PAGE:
Along with the trade of Kenny Stills to Miami and the cutting of Pierre Thomas, plus other roster moves, the Saints have shed themselves of 48 percent of last season’s receiving yards.

The other deletions were financially unavoidable. But Curtis Lofton and Ben Grubbs were serviceable players, and, on a team supposedly lacking in leadership and maturity, should have possessed both.

And what have the Saints gotten in return?

Well, so far, a big bag of damaged goods.

To wit:

  • Center Max Unger — missed 10 games because of injury last season, and Seattle deemed its one-time All-Pro expendable.
  • Cornerback Brandon Browner — An original Legion of Boomer who got a second Super Bowl ring last season with the Patriots. But he also has two drug abuse suspensions in his folder, which puts him on the NFL’s version of double-secret probation.
  • Spiller — A one-time top-10 pick who’s had one really good season out of five and who rushed for only 300 yards in the nine games he did play in 2014.
  • Linebacker Dannell Ellerbe — A member of Baltimore’s Super Bowl championship team who had a disappointing 2013 season after signing with Miami (ranked 50th among 55 inside linebackers according to Pro Football Focus) and missed all of last year with a hip injury.

Ellerbe was signed to the Dolphins by the since-fired Jeff Ireland, the Saints’ new director of college scouting.

Feel free to put them all on your fantasy team wish list.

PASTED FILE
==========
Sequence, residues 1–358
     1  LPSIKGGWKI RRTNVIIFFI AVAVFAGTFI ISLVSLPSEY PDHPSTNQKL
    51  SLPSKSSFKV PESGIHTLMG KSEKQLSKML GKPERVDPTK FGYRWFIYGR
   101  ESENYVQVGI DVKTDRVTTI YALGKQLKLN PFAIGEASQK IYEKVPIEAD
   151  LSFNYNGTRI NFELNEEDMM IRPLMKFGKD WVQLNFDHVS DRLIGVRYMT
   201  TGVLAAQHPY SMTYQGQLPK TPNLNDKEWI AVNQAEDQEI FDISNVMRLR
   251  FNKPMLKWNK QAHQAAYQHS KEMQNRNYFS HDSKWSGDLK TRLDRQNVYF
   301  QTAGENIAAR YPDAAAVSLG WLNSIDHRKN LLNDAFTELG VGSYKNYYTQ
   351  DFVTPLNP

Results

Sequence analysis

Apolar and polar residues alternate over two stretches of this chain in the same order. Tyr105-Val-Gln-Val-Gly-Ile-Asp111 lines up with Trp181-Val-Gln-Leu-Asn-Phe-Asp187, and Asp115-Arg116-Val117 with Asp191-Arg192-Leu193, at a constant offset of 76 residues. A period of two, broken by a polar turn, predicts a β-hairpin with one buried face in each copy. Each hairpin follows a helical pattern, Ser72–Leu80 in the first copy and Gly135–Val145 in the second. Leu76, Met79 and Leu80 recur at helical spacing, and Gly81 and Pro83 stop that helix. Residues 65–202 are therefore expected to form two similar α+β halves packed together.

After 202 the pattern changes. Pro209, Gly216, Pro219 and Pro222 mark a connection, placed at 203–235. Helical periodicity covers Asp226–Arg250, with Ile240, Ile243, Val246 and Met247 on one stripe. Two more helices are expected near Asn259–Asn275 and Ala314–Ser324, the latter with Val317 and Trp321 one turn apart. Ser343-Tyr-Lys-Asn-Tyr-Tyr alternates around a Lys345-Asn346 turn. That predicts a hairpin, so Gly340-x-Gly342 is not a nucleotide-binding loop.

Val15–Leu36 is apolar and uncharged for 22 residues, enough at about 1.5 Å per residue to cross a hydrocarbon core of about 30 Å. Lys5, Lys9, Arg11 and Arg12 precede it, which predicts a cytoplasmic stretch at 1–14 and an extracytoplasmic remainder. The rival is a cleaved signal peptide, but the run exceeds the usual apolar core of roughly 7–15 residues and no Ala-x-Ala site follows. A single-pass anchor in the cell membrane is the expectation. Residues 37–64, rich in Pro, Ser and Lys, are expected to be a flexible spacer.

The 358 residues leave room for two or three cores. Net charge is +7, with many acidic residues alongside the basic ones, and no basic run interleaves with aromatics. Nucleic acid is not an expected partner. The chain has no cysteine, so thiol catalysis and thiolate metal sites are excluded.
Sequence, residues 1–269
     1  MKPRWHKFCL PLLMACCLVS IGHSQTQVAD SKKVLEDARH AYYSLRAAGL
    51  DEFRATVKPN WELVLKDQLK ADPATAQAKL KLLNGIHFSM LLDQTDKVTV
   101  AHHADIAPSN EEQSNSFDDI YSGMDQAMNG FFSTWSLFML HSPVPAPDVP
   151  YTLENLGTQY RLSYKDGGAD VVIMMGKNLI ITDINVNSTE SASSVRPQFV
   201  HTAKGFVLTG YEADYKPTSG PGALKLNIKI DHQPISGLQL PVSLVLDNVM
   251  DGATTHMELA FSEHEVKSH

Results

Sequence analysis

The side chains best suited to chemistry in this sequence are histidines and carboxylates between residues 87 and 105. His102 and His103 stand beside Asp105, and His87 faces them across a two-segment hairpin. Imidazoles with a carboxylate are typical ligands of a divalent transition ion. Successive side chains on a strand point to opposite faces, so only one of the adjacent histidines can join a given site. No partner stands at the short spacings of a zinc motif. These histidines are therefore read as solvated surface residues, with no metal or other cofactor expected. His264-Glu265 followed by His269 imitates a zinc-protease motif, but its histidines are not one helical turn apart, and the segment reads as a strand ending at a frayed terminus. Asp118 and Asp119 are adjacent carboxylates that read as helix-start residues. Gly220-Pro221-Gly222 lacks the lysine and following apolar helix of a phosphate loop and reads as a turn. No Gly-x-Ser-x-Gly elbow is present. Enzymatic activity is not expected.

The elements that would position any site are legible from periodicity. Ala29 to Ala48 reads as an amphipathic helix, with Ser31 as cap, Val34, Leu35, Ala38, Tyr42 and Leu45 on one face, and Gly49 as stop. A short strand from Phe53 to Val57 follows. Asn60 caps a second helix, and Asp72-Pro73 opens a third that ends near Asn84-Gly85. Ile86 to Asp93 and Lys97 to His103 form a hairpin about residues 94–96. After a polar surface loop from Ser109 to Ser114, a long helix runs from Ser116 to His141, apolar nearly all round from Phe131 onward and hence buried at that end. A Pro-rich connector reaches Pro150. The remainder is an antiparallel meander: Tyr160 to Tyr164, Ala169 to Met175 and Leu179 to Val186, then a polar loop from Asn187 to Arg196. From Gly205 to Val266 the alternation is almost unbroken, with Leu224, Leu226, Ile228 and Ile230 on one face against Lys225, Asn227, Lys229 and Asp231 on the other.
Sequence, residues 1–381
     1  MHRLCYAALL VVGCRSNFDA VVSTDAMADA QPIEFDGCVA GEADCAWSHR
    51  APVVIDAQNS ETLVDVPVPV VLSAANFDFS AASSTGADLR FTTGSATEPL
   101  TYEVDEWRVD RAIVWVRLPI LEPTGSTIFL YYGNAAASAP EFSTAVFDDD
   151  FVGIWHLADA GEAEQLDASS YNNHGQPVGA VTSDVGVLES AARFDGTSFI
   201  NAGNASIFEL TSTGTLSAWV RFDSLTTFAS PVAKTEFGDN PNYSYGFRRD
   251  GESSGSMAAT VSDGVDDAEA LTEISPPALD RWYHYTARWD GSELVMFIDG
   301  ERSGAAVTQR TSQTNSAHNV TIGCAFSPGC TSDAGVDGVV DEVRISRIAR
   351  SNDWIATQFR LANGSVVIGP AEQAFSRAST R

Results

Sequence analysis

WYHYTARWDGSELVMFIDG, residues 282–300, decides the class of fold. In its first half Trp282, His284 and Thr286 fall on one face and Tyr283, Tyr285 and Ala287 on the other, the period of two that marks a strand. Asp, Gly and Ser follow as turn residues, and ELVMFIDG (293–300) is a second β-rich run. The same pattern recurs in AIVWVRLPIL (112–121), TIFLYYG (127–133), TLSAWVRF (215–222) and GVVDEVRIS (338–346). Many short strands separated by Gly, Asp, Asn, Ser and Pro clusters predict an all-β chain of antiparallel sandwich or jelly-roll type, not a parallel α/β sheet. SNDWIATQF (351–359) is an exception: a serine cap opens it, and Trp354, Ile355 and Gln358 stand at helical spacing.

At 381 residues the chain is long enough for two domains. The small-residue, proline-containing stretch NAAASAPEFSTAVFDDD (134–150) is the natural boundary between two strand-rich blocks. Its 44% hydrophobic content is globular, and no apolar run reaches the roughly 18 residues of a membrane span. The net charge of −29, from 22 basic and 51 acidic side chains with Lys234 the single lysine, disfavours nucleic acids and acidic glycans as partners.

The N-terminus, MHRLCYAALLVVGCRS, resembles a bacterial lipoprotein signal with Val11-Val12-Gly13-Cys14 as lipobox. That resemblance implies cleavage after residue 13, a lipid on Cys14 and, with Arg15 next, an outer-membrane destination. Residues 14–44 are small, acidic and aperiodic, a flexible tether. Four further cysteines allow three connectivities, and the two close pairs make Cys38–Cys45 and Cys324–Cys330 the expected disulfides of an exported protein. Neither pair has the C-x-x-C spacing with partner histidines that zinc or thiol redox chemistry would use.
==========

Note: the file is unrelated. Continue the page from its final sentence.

Of course, there are the draft picks. The Saints have nine of them, maybe 10, if the compensatory one that projects to put them in line to get Mr. Irrelevant comes through.

Given the team’s recent success rate in the draft, he could turn out be as productive as anyone chosen earlier.

Two of last year’s six picks have already been cut and second-rounder Stanley Jean-Baptiste is a project at cornerback, a position where the Saints need production, not projection. Only Brandin Cooks figures to start.

Out of the previous seven drafts before ’14, just nine players remain with the Saints.

The large number of picks for this year do give the team flexibility.

So look for the Saints to package them to move up rather than use them all, or deal for more next year. That’s been their habit of late, so at least there’s some history there.

And, rather than looking at each move individually, it’s best to look at them as part of an overall plan to keep the team in playoff contention (which, given the continued weakness of NFC South shouldn’t be too hard) and prepare for the future, including a (gulp) Drew Brees-less one.

So expect more of the unexpected between now and draft day.

Loomis, plus by extension Payton, are working with a high degree of job security given Loomis’ effectively being in the (current) ownership group. So while tanking is anathema in the NFL, they’re not going all-in on the here-and-now as was the case last year.

But, also, that’s why as of today Tom Benson’s basketball team looks a lot closer to the playoffs than his football one.